Halifax, 30th September, 1812. Having received information that a most unauthorized act has been committed by commodore Rodgers, in forcibly seizing twelve British seamen, prisoners of war, late belonging to the Guerriere, and taking them out of the English cartel brig Encleavour on her passage down the harbour of Boston, after they had been regularly embarked on board of her for an exchange, agreeable to the arrangements settled between the two countries, and that the said British seamen, so seized, are now detained on board the U. States' frigate President as hostages; I feel myself called upon to request, sir, your most serious attention to a measure so fraught with mischief and inconvenience, destructive of the good faith of a flag of truce and the sacred protection of a cartel. I should be extremely sorry that the imprudent act of any officer should involve consequences so particularly severe as the present instance must naturally produce if repeated ; and although it is very much my wish, during the continuance of the differences existing between the two countries, to ado it every measure that might render the effect of war less rigorous, yet in another point of view, the conviction of the duty I owe my country would, in the event of such grievances as I have already stated being continued, not admit of any hesitation in retaliatory decisions : but as I am strongly persuaded of the high liberality of your sentiments, and that the act complained of has originated entirely with the officer who committed it, and that it will be as censurable in your consideration as it deserves, I rely upon your taking such steps as will prevent a recurrence of conduct so extremely reprehensible in every shape.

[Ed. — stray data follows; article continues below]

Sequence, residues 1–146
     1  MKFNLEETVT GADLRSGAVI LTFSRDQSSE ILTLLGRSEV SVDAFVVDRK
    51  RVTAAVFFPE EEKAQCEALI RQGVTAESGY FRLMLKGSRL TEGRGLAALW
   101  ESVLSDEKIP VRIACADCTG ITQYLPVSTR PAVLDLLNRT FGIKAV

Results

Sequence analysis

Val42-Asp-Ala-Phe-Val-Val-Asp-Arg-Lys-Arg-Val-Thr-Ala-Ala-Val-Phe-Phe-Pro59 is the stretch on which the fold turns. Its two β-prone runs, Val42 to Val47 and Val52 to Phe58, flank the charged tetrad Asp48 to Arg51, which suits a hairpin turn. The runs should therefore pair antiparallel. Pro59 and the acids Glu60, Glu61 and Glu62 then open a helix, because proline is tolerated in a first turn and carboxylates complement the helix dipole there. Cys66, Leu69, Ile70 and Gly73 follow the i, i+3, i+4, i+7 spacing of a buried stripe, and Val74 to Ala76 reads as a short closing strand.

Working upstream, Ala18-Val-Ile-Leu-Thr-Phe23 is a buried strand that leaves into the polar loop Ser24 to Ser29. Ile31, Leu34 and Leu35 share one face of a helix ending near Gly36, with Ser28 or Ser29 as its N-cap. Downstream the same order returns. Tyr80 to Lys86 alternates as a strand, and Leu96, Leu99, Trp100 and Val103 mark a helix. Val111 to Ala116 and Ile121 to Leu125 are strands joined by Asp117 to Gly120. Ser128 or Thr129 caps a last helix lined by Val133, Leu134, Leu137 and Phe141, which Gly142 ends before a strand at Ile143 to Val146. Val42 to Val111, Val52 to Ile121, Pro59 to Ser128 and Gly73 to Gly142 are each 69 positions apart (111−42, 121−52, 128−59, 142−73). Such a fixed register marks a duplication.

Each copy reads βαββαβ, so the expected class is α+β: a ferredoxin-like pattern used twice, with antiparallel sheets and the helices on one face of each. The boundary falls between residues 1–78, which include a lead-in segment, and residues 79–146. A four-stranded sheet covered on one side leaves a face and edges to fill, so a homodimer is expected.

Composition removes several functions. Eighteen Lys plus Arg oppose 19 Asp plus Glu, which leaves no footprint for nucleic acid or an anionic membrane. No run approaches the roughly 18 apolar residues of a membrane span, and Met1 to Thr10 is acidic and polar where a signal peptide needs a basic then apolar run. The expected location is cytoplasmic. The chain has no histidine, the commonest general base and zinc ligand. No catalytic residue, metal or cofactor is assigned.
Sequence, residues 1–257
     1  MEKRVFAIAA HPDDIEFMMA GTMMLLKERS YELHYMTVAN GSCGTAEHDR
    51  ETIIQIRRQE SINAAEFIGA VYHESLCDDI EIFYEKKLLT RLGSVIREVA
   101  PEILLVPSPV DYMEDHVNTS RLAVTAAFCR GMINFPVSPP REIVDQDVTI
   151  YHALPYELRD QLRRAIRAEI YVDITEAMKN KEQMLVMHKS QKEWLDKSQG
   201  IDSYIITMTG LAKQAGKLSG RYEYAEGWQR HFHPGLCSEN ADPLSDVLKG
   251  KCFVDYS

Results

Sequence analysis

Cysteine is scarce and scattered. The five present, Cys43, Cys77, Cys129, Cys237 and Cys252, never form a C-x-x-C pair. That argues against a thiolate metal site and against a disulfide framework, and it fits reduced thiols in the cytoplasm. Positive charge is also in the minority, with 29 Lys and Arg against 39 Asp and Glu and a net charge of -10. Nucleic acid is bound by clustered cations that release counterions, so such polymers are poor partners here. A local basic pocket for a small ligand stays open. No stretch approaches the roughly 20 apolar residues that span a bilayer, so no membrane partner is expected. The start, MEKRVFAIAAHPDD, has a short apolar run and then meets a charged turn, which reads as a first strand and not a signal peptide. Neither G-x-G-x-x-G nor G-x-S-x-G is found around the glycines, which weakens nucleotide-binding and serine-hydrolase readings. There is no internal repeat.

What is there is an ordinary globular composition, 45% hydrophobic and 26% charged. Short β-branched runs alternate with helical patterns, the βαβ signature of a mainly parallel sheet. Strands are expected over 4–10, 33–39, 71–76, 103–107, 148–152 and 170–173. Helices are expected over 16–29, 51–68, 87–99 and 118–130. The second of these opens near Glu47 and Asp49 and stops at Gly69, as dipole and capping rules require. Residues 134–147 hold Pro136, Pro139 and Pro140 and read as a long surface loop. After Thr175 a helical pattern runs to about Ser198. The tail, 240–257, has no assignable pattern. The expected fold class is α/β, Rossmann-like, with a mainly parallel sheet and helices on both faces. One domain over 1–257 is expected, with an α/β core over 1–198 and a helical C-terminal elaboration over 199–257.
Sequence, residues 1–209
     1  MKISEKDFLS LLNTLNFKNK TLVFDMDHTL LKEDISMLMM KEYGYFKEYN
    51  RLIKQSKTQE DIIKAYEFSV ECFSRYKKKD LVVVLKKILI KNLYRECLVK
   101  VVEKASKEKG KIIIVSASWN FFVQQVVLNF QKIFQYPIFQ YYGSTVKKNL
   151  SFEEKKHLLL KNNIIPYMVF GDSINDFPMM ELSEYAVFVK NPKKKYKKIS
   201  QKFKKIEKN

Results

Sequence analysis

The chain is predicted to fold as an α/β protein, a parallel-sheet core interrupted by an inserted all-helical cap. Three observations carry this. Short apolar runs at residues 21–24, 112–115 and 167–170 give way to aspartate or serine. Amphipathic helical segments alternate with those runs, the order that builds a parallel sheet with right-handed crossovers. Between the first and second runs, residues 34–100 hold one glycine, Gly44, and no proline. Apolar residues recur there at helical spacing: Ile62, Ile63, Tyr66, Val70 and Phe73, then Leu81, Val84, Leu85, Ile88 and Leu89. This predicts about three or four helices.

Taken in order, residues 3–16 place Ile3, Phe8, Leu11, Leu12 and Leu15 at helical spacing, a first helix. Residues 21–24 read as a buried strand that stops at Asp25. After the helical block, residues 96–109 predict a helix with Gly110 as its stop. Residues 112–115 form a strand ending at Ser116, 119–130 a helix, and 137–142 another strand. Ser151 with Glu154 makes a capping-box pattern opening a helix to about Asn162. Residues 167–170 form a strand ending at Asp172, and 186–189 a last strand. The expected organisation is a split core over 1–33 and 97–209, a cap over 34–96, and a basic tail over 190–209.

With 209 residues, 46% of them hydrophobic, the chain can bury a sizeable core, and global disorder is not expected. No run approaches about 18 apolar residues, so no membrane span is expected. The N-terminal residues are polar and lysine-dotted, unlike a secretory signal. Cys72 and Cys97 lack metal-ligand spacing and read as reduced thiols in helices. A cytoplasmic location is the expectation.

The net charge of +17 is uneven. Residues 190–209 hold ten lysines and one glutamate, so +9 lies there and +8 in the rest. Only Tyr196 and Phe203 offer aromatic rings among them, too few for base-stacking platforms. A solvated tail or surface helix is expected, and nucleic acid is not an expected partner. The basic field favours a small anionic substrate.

I have the honour to be, with the highest consideration, sir, your most obedient and most faithful humble servant, (Signed)


Admiral of the Blue, and

Commander in Chief, &C. His ex ellency James Monroe, esq. Secretary of State.

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Mr. Monroe to Sir John Borlase Warren.

Department of State, October 28th, 1812.
I have had the honour to receive your letter of the 30th Sep-
tember, complaining that commodore Rodgers, commanding a
squadron of the United States' navy at the port of Boston, had
taken twelve British seamen, lately belonging to his Britannic
majesty's ship the Guerriere, from a cartel in the harbour of
Boston, and that he detained them on board the President, a
frigate of the United States, as hostages.

I am instructed to inform you, that inquiry shall be made into the circumstances attending, and the causes which produced the act of which you complain, and that such measures will be taken on a knowledge of them, as may comport with the rights of both nations, and may be proper in the case to which they relate.

I beg you, sir, to be assured that it is the sincere desire of the president to see (and to promote, so far as depends on the United States) that the war which exists between our countries be conducted with the utmost regard to humanity. I have the honour to be, &c. &c. (Signed)

JAMES MONROE. Sir John Borlase Warren, Admiral of the Blue, and Commander

in Chief, &c. &c.

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Washington, December 17, 1812. I have the honour to annex a list of twelve of the crew of the late United States' sloop of war Wasp, detained by captain John Berresford, of the British ship Poictiers, under the pretence of their being British subjects.

I have the honour to be, respectfully, sir, your obedient servant,

GEO. S. WISE, purser. The hon. Paul Hamilton, Secretary of the Navy.

List referred to in the preceding note marked B. John M'Cloud, boatswain, has been in the service since 1804. Married in Norfolk in 1804 or 5, and has a wife and four chil. dren there.